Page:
PotatoRoom productions

created by Gavin Glover formerly from FaultyOptic Theatre of Animation



The Tin Forest

An installation/performance for an audience of 10
National Theatre of Scotland

Inspired by the book by Helen Ward and Wayne Anderson
adapted and directed by Graham McLaren 2014
Gavin Glover Associate Designer and Director

3x 1:12 and 1:500 scale model boxes viewed by the audience through glass
2x full sized puppets designed and constructed and directed



A little grumpy old man, the last man alive perhaps, lives in a world of twisted metal and broken scrap. For years he sorts through it and sifts it and organises it and slowly he builds himself a tin forest inspired by a tired worn out wildlife documentary that he plays over an over again in his shed.
Miraculously one day a large bird appears. Curious he thinks to feed it but the bird wants more and more until all his food is gone. The bird flies off leaving a trail of shite, the man follows but it has gone, he is angry and sad and tired of his lonely life.


He sleeps and dreams until one day he wakes to find his little house surrounded by jungle. Wildlife roars around him, he hears noises on the roof and sees movement in the bushes. But it is not some marauding tiger about to eat him it is his bird now nesting near his window with a single chick feeding off the fruits of this new paradise.The old man's world is reborn, perhaps he has died and gone to heaven or perhaps through his lifetimes work he has set the seed for a more positive future.

The old man ponders his life
Photo: Jassy Earl


The old man is stunned by
the outside world when
he is drawn out of his solitude
photo: Peter Dibdin

1:12 scale Model box 1
Viewed through glass by audience

The old man kicks his metal bird
out of frustration in his yard
photo: Tim Morozzo


1:12 scale Model box 1
Viewed through glass by audience

Whilst out collecting the old man
discovers a huge bird screeching at him.
So he decides to feed it.
photo: Tim Morozzo


1:12 scale Model box 1
Viewed through glass by audience

The desolate ship yard where
the old man last sees the bird
before it disappears
photo: Tim Morozzo

1:500 scale Vista of a broken city
Viewed through glass by audience
photo: Tim Morozzo
1:500 scale Vista of a broken city
Viewed through glass by audience
photo: Tim Morozzo
the birds
the cast

Darren Brownlie
Steven Clyde
Pete Collins
Angela Darcy
John Kazek
Harry Ward

Graham McLaren - Director and Designer
Gavin Glover - Associate Director and Designer
Rebecca Hamilton - Associate Designer
Philippa Tomlin - Associate Artist
Iain Heggie - Dramaturg
Kai Fischer - Lighting Designer
Matt Padden - Sound Designer
Glasgow School of Art’s Digital Design Studio - Video Design


Produced in association with Scottish Youth Theatre and supported by Glasgow Life, Creative Scotland, Homecoming 2014, the Calouste Gulbenkian Foundation and Arts and Business Scotland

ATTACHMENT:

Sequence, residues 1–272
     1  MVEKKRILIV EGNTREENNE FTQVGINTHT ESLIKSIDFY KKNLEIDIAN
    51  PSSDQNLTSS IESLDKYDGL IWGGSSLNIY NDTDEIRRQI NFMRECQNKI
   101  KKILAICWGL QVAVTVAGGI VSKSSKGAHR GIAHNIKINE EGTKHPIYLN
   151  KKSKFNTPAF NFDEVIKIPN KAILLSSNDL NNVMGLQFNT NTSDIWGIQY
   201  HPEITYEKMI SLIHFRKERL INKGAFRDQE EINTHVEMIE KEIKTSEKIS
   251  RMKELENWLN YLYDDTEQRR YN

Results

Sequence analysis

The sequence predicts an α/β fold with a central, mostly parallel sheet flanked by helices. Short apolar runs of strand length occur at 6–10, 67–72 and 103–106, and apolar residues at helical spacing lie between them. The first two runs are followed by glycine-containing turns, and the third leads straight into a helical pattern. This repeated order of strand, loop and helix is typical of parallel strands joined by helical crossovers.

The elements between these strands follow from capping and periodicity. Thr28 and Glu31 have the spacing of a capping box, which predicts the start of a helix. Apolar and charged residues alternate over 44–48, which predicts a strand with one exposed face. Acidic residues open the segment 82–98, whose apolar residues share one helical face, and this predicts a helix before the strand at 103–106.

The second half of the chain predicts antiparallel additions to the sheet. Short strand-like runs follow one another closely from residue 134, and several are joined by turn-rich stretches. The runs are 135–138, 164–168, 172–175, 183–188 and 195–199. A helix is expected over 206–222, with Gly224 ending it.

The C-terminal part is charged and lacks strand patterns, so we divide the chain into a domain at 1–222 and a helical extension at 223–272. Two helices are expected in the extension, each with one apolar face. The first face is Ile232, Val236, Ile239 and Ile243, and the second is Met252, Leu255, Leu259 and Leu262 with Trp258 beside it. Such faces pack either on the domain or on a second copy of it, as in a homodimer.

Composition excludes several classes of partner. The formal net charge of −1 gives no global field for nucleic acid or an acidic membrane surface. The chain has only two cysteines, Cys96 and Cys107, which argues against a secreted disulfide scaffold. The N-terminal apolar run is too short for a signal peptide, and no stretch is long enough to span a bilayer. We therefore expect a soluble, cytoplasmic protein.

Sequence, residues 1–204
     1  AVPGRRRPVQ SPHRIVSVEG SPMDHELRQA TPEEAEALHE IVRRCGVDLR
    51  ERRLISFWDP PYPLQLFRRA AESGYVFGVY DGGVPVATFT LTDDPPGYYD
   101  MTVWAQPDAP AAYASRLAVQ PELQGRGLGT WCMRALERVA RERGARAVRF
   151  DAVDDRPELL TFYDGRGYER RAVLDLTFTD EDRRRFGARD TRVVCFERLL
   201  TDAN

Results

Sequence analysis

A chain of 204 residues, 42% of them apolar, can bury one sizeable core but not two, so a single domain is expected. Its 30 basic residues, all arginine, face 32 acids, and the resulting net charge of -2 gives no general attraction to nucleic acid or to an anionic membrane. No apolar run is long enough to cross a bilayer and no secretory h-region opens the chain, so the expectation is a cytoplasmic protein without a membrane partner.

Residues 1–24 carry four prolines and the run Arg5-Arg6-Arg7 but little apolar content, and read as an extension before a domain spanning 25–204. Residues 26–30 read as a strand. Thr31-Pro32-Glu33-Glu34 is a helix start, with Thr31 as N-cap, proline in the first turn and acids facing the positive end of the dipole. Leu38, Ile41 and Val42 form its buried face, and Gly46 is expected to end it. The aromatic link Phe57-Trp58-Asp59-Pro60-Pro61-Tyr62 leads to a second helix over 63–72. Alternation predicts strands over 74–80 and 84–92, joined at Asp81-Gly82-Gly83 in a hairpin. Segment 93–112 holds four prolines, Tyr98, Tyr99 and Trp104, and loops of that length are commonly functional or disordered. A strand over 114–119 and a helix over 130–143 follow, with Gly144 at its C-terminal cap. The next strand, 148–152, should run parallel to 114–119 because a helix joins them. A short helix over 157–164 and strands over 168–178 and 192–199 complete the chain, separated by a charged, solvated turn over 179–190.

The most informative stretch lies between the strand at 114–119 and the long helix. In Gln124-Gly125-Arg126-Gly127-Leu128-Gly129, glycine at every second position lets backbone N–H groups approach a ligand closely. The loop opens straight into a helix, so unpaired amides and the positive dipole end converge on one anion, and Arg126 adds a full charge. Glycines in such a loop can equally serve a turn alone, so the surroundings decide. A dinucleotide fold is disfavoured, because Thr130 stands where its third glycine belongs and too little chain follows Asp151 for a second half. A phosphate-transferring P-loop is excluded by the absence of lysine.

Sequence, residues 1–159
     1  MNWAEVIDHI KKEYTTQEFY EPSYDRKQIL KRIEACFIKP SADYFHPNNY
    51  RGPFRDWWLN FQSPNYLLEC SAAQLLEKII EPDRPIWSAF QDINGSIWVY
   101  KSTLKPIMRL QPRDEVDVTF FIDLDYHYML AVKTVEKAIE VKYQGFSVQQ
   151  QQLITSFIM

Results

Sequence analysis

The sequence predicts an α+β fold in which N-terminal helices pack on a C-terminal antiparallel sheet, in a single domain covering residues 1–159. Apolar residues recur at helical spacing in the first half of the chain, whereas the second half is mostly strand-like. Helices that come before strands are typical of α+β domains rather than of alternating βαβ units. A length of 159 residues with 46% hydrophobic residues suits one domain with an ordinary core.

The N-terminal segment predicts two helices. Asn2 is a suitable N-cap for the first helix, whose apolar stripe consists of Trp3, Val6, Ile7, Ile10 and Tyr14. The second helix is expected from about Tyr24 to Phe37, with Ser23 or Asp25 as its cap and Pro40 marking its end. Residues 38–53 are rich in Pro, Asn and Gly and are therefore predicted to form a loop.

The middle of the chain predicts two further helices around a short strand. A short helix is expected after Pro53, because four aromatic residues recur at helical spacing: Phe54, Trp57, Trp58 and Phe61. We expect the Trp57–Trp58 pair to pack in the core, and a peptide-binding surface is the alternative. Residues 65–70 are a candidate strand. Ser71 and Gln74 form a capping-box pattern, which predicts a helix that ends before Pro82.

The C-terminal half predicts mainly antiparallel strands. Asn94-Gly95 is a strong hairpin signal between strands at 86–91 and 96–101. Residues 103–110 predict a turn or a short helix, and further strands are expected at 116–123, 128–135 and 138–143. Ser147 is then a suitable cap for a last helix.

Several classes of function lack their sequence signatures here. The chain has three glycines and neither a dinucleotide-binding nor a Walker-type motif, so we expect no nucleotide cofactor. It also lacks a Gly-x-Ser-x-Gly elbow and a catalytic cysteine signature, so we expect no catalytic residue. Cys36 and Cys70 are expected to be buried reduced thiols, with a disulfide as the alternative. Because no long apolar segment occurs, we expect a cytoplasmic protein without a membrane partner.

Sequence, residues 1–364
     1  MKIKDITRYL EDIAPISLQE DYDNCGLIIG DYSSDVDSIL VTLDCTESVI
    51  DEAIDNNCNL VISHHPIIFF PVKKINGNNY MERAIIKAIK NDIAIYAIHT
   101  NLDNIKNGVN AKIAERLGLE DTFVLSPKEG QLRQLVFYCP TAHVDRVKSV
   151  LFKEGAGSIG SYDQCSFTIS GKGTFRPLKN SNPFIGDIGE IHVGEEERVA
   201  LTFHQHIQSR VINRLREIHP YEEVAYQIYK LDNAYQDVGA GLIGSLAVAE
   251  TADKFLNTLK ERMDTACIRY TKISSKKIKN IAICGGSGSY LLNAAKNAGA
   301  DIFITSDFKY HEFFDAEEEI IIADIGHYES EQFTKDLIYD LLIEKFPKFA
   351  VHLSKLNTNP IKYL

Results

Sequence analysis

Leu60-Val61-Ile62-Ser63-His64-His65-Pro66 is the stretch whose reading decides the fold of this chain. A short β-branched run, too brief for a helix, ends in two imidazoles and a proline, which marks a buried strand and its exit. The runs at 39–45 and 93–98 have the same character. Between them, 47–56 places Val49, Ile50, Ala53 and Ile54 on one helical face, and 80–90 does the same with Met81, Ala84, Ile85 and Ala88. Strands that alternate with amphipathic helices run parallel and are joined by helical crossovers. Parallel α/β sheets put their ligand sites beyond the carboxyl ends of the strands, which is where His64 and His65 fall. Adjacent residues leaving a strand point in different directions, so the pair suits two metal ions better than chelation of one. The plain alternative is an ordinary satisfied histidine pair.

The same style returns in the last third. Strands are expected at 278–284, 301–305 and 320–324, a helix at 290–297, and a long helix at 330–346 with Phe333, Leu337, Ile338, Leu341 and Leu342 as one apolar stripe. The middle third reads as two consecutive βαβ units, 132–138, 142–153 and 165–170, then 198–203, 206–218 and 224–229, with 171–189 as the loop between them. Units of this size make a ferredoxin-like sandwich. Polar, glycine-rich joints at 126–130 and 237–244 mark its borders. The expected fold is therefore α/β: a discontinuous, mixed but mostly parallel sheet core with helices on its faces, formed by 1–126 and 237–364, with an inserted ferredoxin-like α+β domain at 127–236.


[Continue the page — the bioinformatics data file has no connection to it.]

The Guardian

4 stars

The Tin Forest

A rich, desolate blend of art, puppetry and folk music
South Rotunda, Glasgow
This gorgeously detailed promenade performance evokes a spooky, lonely world to tell a tale of post-industrial regeneration.

Mark Fisher

Tuesday 29 July 2014 12.39 BST

Regeneration … National Theatre of Scotland's The Tin Forest. Photograph: Harry Ward

Did Graham McLaren conceive his adaptation of The Tin Forest on a rainy day? That would have been in keeping with the gloomy interiors that characterise his gorgeously detailed promenade performance.

As with A Christmas Carol, his last National Theatre of Scotland collaboration with puppeteer Gavin Glover, The Tin Forest is bleak, barren and wintry.

On a day when the temperature has soared to 27C and the lithe athletes of the Commonwealth Games are sprinting by outside, it is all the more of a leap to process the director's rich and desolate blend of art installation, puppet show, storytelling and folk gig. Based on the children's book by Helen Ward and Wayne Anderson, The Tin Forest is a tale of post-industrial regeneration in which an old man brings new life to an arid environment of iron railings, lampposts and tin cans.
Like the similarly inspired Huff by Shona Reppe and Andy Manley, you experience the show in a small party, moving from room to spooky room to piece together the story. It begins in a David Lynch-like hotel corridor where a bank of old-fashioned telephones beckon you to listen. It's an alienating introduction to a lonely world, made only marginally more welcoming in the subsequent rooms: a hut stuffed with mechanical antiques, a workshop where a glassy-eyed puppet tries to get a metal bird to fly and a museum where Angela Darcy plays a curious cross between a German showgirl and a gallery attendant.
It feels as if there's a scene missing after we see the first signs of natural life in a garden shed, but there's a striking finale in the main hall, where a vast image of St Kilda is projected around the curving rotunda wall and four musicians play jigs, reels and Glasgow folk favourites – a sign that life has bloomed once more out of this barren wasteland.